Dept. of Workforce Development: DWD Secretary Newson highlights youth apprenticeship successes with education, workforce partners at Beaver Dam employer

CONTACT: DWD Communications, 608-266-2722

Collaborative School-to-work program builds talent pipeline, strengthens local manufacturing industry

BEAVER DAM – During a tour of Apache Stainless Equipment, Department of Workforce Development (DWD) Secretary Reggie Newson today said programs like Youth Apprenticeship are building the talent pipeline necessary to meet industry demand and move Wisconsin’s economy forward.

“Companies like Apache Stainless Equipment are participating in our Youth Apprenticeship program and filling their need for skilled workers, and at the same time helping area students obtain quality workplace training,” said Secretary Newson. “I applaud Apache Stainless Equipment in their ongoing effort to collaborate with the local school district and other partners to give Youth Apprentices the opportunity to gain experience and be considered for potential future employment.”

During his visit, Secretary Newson met with representatives from the company and Beaver Dam Unified School District, along with former and current Youth Apprentices, including current participant Michael Gerschke.

Gerschke said, “The apprenticeship program is important to me because it allows me to get a feel for a job in the manufacturing field. The insight I get from the program will allow me to better prepare for my future. Through the various job experiences, I have gained a better understanding of the expectations that go with the differing career paths.”

Pam Korth, Human Resource Manager at Apache Stainless Equipment, said: “The Manufacturing Business Alliance was created by manufacturers such as Apache Stainless that have jobs that leverage technology, create paths for career growth, offer continuing educational opportunities and have collaborative environments such as Youth Apprenticeship. When you couple on-the-job experience and mentorship with classroom learning, we are giving the apprentice tools to prepare for a career in manufacturing.”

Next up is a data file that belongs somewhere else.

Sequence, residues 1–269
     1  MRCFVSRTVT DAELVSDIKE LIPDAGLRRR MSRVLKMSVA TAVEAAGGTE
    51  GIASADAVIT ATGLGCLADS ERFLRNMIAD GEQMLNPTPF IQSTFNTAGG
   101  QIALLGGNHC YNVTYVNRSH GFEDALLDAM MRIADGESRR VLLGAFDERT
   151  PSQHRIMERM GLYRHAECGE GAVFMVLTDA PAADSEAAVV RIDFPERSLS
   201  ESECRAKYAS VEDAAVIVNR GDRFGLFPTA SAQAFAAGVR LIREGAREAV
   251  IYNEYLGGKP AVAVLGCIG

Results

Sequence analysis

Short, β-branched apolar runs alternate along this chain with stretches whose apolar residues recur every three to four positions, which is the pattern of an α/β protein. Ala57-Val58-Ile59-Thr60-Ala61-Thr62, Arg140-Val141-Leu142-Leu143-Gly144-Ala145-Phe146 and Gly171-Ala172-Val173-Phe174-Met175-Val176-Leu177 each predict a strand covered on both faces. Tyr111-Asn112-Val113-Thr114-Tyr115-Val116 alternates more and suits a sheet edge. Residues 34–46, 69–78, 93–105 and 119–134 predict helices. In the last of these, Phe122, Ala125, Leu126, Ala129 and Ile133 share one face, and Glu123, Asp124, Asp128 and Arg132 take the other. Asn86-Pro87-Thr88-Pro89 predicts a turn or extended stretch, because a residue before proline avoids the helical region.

Joe Kutzler Technology and Engineering Educator for the school district, said, “We offer the Youth Apprenticeship program to students to give them guidance, mentoring and an opportunity to start a career that requires a skill that is rewarding to them, and the companies they work for. I believe in apprenticeship programs and others like it, the skilled trades need is not going away, it is growing. Companies that support these programs and work with schools in their community will find that there are not only getting a quality workforce but helping build a strong community as well.”

Wisconsin Youth Apprenticeship combines on-the-job training with technical college-level instruction at the participant’s local high school. Those who complete the program receive a completion certificate, may receive technical college credit, and graduate with the skills and competencies need to accept an entry-level position in their field of study. In December 2013, Governor Walker signed 2013 Wisconsin Act 112, which increased state Youth Apprenticeship funds by $1 million in the current biennium.

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